Last month, a draft opinion that would overturn Roe v. Wade, the landmark 1973 decision that legalized abortion nationwide, leaked. With the conservative majority currently holding power on the court, it appears they have the votes and Roe will indeed soon be overturned.
My feelings about this are complicated. As a woman. As a mother. As a lawyer. As a Catholic. It is not an easy subject.
I consider myself anti-abortion, but pro-choice. I have been taught, and continue to believe, that life starts at conception. However, I do not think it is my right to impose this view on someone else. While, for that reason, I would never seek an abortion, I also firmly believe that the only person who should be able to make that decision is the woman who has to bear the child. The decision is nobody else’s business. In simple terms, what I believe is not something that should be forced on anyone else.
So, while I personally do not believe in abortion, I am dismayed that, should this decision come to pass, that choice will be taken away from women in a great number of states. I am also very concerned about the current Supreme Court’s lack of respect for stare decisis, which the legal principle that prior decisions of the court should generally not be disturbed simply because the ideological composition of the court has changed.
Questions about the legitimacy of the Supreme Court have been growing over the last few decades as the institution appears to become more and more politically partisan. The Supreme Court’s legitimacy, if any, is derived from the public’s acceptance that the highest court is a neutral arbiter of the law rather than a body that acts based on personal political or religious beliefs. Overruling 50 year old precedent that polls repeatedly show is supported by a majority of Americans is not the way to maintain that legitimacy.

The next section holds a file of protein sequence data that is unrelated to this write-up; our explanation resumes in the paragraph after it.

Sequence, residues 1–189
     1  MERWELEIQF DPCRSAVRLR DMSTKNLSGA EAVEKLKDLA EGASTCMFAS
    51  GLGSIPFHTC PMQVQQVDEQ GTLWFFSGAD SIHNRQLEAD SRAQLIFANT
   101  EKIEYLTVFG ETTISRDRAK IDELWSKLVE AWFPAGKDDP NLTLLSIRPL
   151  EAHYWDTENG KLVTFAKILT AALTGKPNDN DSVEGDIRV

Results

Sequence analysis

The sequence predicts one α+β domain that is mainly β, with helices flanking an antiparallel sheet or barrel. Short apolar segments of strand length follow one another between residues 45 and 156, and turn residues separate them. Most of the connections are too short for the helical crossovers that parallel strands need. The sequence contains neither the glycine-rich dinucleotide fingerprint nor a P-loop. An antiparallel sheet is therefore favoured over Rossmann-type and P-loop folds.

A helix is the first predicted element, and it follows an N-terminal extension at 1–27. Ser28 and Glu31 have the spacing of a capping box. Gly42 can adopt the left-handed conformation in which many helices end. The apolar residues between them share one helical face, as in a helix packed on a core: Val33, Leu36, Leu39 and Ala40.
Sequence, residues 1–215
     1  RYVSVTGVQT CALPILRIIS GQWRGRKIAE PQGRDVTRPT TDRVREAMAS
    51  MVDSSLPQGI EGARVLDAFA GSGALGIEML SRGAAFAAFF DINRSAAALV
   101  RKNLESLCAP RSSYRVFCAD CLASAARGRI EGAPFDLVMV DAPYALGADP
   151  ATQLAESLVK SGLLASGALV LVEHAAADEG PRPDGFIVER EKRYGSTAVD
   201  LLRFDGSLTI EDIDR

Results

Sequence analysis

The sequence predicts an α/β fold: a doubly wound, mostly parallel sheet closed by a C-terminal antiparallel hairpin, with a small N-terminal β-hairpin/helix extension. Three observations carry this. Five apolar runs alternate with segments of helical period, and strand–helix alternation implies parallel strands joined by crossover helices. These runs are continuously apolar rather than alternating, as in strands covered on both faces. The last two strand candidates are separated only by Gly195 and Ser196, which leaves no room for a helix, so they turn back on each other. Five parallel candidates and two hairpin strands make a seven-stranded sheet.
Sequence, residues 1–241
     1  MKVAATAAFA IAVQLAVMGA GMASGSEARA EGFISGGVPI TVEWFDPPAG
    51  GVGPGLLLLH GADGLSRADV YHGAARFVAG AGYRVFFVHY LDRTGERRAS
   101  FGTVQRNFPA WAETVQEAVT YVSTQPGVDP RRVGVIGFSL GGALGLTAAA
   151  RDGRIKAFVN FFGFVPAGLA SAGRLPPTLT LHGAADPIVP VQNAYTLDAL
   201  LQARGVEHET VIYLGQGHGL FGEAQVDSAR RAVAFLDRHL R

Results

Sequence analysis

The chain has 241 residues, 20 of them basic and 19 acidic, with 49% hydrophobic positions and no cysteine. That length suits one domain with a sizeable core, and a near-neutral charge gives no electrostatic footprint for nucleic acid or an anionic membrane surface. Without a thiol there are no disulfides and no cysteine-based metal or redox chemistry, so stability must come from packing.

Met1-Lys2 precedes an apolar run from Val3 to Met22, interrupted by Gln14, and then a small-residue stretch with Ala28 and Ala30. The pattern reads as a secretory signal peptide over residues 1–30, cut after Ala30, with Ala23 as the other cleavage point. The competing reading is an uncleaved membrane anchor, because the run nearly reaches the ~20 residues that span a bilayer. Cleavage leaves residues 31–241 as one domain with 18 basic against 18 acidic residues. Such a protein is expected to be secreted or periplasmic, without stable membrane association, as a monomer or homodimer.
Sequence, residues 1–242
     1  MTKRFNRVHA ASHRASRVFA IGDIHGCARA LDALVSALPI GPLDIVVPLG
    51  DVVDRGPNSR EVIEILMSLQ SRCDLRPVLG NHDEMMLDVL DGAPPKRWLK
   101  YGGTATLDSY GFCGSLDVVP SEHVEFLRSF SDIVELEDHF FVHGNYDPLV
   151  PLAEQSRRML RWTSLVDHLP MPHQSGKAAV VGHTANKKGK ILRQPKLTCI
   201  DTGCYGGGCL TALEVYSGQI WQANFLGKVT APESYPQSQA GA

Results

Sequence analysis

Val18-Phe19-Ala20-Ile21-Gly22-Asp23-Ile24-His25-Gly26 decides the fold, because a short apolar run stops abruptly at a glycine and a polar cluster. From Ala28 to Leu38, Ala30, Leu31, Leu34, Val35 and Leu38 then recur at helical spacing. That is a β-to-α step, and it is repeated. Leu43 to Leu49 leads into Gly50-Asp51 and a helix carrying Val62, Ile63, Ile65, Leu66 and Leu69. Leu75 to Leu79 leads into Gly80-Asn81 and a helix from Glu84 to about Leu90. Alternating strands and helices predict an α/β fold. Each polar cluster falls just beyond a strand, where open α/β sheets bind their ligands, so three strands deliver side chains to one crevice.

That said, the reasoning behind Roe was recognized from the outset, even by its supporters, as shaky and susceptible to criticism and attack as the draft opinion does a very good job of laying out. In fact, as Justice Alito points out in the decision, even liberal hero Justice Ruth Bader Ginsburg felt the rationale behind Roe was flawed. Justice Blackmun’s opinion in Roe was grounded in the idea that state bans on abortion violated a woman’s constitutional right to privacy, a right that does not have a specific textual basis in the Constitution. Ginsburg believed, and I agree that the better tact would have been to base the right to abortion access on women’s right to equality provided for in the 14th Amendment, the idea being that women being deprived of the right to make choices with respect to their own bodies is a violation of that right to equal protection.
Time will tell how all of this plays out. But once again it feels very much as if a better organized and more ruthless minority is imposing its will on the majority. The Supreme Court should not be a co-conspirator in such. My hope is that this decision may finally bring desperately overdue reform to the institution of the court.
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